Exposure to organophosphate and polybrominated diphenyl ether flame retardants via indoor dust and childhood asthma

D. Canbaz, M. J.M. van Velzen, E. Hallner, A. H. Zwinderman, M. Wickman, P. E.G. Leonards, R. van Ree, L. S. van Rijt*

*Corresponding author for this work

Research output: Contribution to JournalArticleAcademicpeer-review

Abstract

Although the ubiquitous detection of polybrominated diphenyl ether (PBDE) and organophosphate flame retardants (PFRs) in indoor dust has raised health concerns, only very few epidemiological studies have assessed their impact on human health. Inhalation of dust is one of the exposure routes of FRs, especially in children and can be hazardous for the respiratory health. Moreover, PFRs are structurally similar to organophosphate pesticides, which have been associated with allergic asthma. Thus, we investigated whether the concentrations of PFRs and PBDEs in indoor dust are associated with the development of childhood asthma. We selected 110 children who developed asthma at 4 or at 8 years old and 110 matched controls from a large prospective birth cohort (BAMSE - Barn, Allergy, Milieu Stockholm Epidemiology). We analyzed the concentrations of 7 PFRs and 21 PBDEs in dust collected around 2 months after birth from the mother's mattress. The abundance rank in dust was as follows: TBOEP≫TPHP>mmp-TMPP>EHDPHP~TDCIPP>TCEP~TCIPP~BDE-209≫BDE-99>BDE-47>BDE-153>BDE-183>BDE-100. There was no positive association between the FRs in mattress dust and the development of childhood asthma. In contrast, dust collected from mattresses of the mothers of children who would develop asthma contained significant lower levels of TPHP and mmp-TMPP. This study provides data on a wide range of PFRs and PBDEs in dust samples and development of asthma in children.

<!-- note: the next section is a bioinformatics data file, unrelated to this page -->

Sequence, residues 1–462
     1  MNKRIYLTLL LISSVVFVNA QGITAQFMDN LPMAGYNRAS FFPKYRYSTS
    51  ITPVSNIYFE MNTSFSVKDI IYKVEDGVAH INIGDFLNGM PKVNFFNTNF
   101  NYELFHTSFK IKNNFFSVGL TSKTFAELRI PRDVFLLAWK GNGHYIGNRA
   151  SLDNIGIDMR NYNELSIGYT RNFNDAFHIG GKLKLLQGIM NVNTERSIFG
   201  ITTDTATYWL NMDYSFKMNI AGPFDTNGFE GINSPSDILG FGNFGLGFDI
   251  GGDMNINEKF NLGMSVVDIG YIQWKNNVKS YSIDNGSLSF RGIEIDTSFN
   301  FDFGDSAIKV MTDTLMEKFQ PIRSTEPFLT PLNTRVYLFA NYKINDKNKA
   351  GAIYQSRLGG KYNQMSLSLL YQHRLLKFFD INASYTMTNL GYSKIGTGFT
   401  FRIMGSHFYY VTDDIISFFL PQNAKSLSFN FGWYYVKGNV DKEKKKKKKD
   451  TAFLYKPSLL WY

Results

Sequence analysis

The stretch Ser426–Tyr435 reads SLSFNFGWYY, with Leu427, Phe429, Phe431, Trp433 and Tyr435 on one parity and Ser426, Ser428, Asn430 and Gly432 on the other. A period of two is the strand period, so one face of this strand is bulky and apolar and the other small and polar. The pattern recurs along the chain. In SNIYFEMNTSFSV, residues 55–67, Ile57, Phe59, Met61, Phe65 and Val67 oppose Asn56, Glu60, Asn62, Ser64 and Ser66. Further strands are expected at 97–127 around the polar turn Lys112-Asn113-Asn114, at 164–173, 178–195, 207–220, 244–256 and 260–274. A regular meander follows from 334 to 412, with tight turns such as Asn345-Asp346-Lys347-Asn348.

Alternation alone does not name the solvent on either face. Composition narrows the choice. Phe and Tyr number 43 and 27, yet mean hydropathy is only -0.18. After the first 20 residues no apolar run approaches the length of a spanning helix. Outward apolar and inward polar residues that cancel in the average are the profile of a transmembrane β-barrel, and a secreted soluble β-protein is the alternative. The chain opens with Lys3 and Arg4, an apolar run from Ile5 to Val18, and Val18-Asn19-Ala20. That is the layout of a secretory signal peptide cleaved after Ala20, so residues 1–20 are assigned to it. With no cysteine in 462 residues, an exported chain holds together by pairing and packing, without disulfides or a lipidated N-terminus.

Original languageEnglish
Pages (from-to)403-413
Number of pages11
JournalIndoor Air
Volume26
Issue number3
DOIs
Publication statusPublished - 1 Jun 2016

Keywords

  • Asthma
  • Children
  • Indoor dust
  • Mattress dust
  • Organophosphate flame retardants
  • Polybrominated diphenyl ether flame retardants

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